The Edible Dormouse - An example of a monotypic species
The edible dormouse is a foreign species in England. Introduced species can wreak havoc with native populations, threatening wildlife numbers as they all compete for food and shelter.
But what a name for a poor little dormouse! Edible dormouse! It is also called the fat dormouse so it must surely grow up with a heap of complexes.
The edible dormouse is a large dormouse and the only living species in the genus Glis. Its scientific name is Glis glis. There are a number of monotypic species which have a whole genus to themselves. Such animals as the red panda, numbat, black rhino and pronghorn are the only representatives of their particular genera.
The ancient Romans considered the flesh of this species a delicacy. The animals were 'farmed' by the Romans and kept in large pits or, if space was a bit tight, in cages or special terracotta jars called 'gliraria'. They were given as many acorns and chestnuts as they desired. When they were nice and fat – off with their heads!
The edible dormouse has a natural range across central Europe and Asia. It is still consumed in Slovenia where trapping is an ethnic tradition. There is documentation to support the consumption of the dormouse since the 13th century. The cormouse was also used for it fur and the fat was believed to have medicinal qualities. For the impoverished people of those early years, the additional protein provided by seasonal dormice feasts would have been very welcome.Credit: Wikimedia
This species is 5.5 to 7.5 inches long with the tail adding another 4 to 5 inches to the overall length. While its normal weight is between 4.2 and 5.3 ounces, this may almost double just prior to hibernation. The body is similar to that of a squirrel. The ears are small, the legs short and the feet large. It is grey to greyish-brown in colour and there is a clear line between the grey pelage and the white to pale buff underparts.
Unlike most dormouse species, there are no dark facial markings, just faint rings around the eyes. The long, bushy tail is slightly darker than the rest of the body. Females have two rows of four to six teats. If something grasps the tail, the skin at the top of the tail breaks easily allowing the dormouse to make his escape. The exposed bony tail breaks off and the wound heals.
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all aspects of how and why animals
Edible dormice are found in deciduous forests, especially if dominated by oak and beech. They prefer dense forests but also turn up in orchards and suburbia. They have been reported in deep caves (to 400 metres). Females have very small homeranges but males cover a wide much wider range and will have several burrows. They are mostly herbivorous, eating berries, apples and nuts. They also eat bark, leaves, fungi, carrion, invertebrates, flowers and eggs.
Edible dormice are nocturnal. They are good climbers with hard pads on the paws and spend a lot of time in trees. They communicate with various squeaks and snufflings and also have scent glands on the feet and at the base of the tail.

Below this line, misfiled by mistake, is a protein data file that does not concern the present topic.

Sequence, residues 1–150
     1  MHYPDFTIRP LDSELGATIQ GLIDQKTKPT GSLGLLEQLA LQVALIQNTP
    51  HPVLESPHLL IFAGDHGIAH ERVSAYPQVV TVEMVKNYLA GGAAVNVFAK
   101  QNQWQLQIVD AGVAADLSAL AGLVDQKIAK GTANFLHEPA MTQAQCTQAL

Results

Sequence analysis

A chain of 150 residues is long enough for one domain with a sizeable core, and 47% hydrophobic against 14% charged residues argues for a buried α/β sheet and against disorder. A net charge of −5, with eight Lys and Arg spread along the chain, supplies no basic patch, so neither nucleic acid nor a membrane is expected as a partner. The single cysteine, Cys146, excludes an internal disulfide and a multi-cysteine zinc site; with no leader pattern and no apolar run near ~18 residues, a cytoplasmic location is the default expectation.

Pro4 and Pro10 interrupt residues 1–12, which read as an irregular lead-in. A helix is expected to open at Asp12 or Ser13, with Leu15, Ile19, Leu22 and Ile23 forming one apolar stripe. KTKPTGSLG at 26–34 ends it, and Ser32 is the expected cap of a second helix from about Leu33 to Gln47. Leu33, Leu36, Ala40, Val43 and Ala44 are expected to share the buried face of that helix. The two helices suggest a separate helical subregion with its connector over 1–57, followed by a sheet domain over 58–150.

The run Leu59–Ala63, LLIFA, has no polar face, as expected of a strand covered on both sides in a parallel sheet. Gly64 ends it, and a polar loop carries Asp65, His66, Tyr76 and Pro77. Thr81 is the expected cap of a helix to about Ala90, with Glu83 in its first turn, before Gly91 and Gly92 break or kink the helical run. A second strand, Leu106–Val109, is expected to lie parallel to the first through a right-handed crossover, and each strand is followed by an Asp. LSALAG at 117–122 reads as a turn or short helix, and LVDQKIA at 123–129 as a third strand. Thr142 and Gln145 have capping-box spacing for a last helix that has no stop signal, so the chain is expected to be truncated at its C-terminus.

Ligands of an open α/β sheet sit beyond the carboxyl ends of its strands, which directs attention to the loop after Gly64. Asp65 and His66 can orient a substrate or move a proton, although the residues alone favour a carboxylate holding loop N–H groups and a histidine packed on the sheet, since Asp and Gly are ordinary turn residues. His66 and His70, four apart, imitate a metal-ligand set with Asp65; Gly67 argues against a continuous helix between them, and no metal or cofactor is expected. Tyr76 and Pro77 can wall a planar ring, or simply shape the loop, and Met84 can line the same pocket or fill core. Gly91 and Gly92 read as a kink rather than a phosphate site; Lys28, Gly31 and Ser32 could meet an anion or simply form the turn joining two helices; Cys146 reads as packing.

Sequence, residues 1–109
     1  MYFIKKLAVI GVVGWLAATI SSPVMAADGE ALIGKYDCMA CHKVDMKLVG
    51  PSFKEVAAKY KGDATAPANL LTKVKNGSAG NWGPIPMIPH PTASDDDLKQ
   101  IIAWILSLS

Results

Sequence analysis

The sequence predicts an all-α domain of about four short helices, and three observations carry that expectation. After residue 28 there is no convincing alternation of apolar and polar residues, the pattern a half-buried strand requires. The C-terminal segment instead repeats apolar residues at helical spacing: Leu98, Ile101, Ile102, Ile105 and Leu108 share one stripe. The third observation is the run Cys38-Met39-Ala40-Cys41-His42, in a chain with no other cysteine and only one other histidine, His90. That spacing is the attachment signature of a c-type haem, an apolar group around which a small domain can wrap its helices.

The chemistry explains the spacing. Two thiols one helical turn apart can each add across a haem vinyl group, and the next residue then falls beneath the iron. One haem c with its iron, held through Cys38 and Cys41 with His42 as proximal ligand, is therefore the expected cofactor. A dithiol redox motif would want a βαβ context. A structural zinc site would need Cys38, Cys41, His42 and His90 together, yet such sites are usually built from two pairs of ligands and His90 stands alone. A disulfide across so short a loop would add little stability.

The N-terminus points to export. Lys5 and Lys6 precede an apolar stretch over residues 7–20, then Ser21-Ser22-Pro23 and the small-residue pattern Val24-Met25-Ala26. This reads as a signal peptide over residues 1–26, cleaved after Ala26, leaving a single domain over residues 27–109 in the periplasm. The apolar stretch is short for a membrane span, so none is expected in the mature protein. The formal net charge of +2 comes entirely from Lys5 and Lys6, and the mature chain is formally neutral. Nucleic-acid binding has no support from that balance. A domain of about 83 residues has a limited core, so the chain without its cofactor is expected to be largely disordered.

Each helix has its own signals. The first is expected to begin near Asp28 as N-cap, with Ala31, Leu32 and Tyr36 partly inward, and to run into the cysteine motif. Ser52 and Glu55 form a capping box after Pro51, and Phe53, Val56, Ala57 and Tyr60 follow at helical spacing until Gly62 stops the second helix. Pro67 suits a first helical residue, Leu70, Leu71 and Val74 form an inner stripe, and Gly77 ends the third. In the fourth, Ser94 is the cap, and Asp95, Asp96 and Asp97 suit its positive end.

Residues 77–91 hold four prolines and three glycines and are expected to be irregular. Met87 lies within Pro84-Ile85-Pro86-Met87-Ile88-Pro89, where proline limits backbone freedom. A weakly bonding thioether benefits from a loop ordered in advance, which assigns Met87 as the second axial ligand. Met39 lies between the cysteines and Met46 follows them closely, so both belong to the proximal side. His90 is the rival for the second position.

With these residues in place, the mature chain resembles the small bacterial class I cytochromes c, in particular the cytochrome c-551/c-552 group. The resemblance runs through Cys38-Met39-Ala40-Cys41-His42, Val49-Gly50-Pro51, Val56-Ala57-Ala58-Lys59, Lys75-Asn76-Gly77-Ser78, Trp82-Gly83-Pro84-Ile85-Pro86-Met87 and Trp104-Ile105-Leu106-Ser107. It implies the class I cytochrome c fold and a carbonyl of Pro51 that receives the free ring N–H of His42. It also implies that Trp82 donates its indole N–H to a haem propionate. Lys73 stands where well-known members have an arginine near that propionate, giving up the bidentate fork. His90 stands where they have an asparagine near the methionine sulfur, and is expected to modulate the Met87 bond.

Hibernation takes place roughly from October to May depending on conditions. Related animals may hibernate as a group in deserted rabbit-warrens, fox-holes or in the rooves of buildings.
They prepare a den or find a nice cave and rely on stored body fat to survive the winter. They reach an almost comatose state and may stop breathing for up to an hour at a time. The metabolic rate and body temperature both fall dramatically during hibernation.
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habits of early peoples is engaging
One litter a year is the norm. Males visit the females' territories and scrap with any other males they come across. When ready to mate, the female drags her anal area along the ground leaving a scent trail for the males to find. Males perform a circular courtship dance round the female before mating. After a gestation of 20 to 30 days, typically 4 to 5 young (but up to 11) are born in a nest. A hollow tree is the preferred nest area and will be lined with soft grasses and feathers. The babies are born blind and helpless, only 2 to 3 grams in weight. By 16 days, they have furred up and the eyes open at about 21 days. They leave the nest after a month and are sexually mature after their second hibernation. They are surprisingly long-lived, having a lifespan of up to 12 years in the wild.
In 1902, edible dormice were introduced into the private zoo of Lord Lionel Walter Rothschild in Tring, Hertfordshire. Some of these escaped and the creature now occupies a 200 square mile 'patch' of the county. They are considered a pest in Britain and are now listed as one of the top dozen or so 'greatest threats' to the English countryside.
The edible dormouse, if present in large numbers, causes damage to orchards by stripping off bark and eating fruit. They also chew through wires and wood surfaces in residences.
In parts of Europe, deforestation has caused numbers to drop. Predators include the foxes, badgers, eagles and owls. In its native Europe, the edible dormouse is declining and is regarded as 'lower risk' by the IUCN Red List.